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adminiſtration affairs againſt alſo appeared appointed attempt bill Bolingbroke cabinet carried Carteret cauſe Chapter character committee conduct conſequence conſidered continued Correſpondence crown death debate duke earl effect Emperor England favour firſt formed France friends gave George give Hanover himſelf honour hopes Horace Walpole houſe of commons influence intereſt John king king's land late leſs letter lord manner March Marlborough means meaſures ment miniſters moſt motion muſt natural never obſerved obtain occaſion opinion oppoſition Orford parliament party peace Period Period III perſon political preſent Pretender prince principal proceedings promoted propoſed Proteſtant proved queen queſtion received remove reſignation reſtoration ſame ſcheme ſecretary ſecure ſeveral ſhall ſhould Sir Robert Walpole ſome ſon South Sea Spain ſpeech ſpirit Stanhope ſtate ſtill ſubject ſuch Sunderland ſupported theſe thoſe tion took Tories Townſhend treaty Whigs whole whoſe
Page 220 - Indies, or any indorsement or assignment thereon, or on any bond or obligation under the common seal of the governor and company of merchants of Great Britain, trading to the South Seas and other parts of America...
Page 283 - In this situation of affairs we should be extremely wanting to ourselves, if we neglected to improve the favourable opportunity which this general tranquillity gives us, of extending our commerce, upon which the riches and grandeur of this nation chiefly depend. It is very obvious, that nothing would more conduce to the obtaining so public a good, than to make the exportation of our own manufactures, and the importation of the commodities used in the manufacturing of them, as practicable and easy...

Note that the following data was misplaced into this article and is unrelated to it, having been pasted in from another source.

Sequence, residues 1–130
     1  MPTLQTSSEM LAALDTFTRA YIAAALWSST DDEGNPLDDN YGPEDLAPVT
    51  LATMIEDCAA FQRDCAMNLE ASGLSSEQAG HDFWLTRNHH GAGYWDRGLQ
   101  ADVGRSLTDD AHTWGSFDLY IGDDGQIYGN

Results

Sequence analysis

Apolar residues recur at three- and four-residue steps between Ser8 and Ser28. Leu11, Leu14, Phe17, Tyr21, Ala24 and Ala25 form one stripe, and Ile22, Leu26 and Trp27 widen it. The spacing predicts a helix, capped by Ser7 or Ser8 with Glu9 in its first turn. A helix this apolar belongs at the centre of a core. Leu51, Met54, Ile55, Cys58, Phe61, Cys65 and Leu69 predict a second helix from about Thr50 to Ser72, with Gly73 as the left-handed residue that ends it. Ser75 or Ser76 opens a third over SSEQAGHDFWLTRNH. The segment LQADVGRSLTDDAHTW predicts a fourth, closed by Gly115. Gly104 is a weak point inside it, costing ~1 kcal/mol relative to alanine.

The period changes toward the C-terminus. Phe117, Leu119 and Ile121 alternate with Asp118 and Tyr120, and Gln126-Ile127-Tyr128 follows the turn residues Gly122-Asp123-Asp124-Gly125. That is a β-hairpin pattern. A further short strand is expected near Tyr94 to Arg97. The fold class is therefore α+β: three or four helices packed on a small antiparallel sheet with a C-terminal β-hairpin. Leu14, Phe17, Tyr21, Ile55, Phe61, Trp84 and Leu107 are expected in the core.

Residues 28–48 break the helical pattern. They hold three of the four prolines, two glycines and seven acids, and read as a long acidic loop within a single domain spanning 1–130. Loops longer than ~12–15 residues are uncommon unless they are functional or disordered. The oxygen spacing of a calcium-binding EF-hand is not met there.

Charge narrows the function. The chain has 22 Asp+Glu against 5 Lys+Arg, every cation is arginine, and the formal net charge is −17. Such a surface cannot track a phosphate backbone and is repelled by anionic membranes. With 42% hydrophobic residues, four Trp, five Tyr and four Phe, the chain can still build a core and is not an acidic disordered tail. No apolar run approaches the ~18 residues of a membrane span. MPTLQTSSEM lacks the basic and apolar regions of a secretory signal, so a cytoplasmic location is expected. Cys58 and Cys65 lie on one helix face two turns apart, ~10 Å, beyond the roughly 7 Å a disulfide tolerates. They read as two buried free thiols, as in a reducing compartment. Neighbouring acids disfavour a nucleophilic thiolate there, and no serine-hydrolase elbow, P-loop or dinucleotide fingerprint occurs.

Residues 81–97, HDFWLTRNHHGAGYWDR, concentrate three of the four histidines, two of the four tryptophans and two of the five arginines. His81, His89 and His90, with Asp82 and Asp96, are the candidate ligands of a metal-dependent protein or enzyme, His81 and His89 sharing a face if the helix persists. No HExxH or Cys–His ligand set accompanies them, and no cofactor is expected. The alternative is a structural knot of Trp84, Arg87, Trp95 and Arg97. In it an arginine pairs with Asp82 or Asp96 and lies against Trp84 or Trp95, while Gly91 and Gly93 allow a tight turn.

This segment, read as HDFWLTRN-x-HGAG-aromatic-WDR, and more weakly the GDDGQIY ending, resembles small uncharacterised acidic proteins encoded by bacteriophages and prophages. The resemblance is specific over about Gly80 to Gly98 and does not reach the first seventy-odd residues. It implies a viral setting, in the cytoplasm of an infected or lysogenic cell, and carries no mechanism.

Page 350 - ... measures with me, joined to that of having once openly declared for him, would have created a point of...
Page 17 - England as by law established, that, in case the crown and imperial dignity of this realm shall hereafter come to any person, not being a native of this kingdom of England, this nation be not obliged to engage in any war for the defence of any dominions or territories which do not belong to the crown of England, without the consent of parliament...
Page 17 - That after the said limitation shall take effect as aforesaid, no person born out of the kingdoms of England, Scotland or Ireland or the dominions thereunto belonging (although he be naturalized or made a denizen, except such as are born of English parents) shall be capable to be of the privy council, or a member of either house of parliament...
Page 378 - Wood, a patent for coining farthings and halfpence, to the value of £100,000 flerling, on certain terms" which the patentee was bound to follow. William Wood, who in the party language of Swift is ridiculed under the denomination of a hardware man and a low mechanic, was a great proprietor and renter of iron works in England.
Page ii - The blood of man should never be shed but to redeem the blood of man. It is well shed for our family, for our friends, for our God, for our country, for our kind. The rest is vanity .. the rest is crime.
Page 341 - This clasp the diamond girdle round his waist ; His breast, with rays, let just Godolphin spread, Wise Burleigh plant the plumage on his head, And Edward own, since first he fix'd the race, None...
Page 110 - It is with just resentment we observe that the pretender still resides in Lorrain, and that he has the presumption, by declarations from thence, to stir up your majesty's subjects to rebellion. But that which raises the utmost indignation of your commons is, that it appears therein, that his hopes were built upon the measures that had been taken for some time past in Great Britain. It shall be our business to trace out those measures whereon he placed his hopes, and to bring the authors of them to...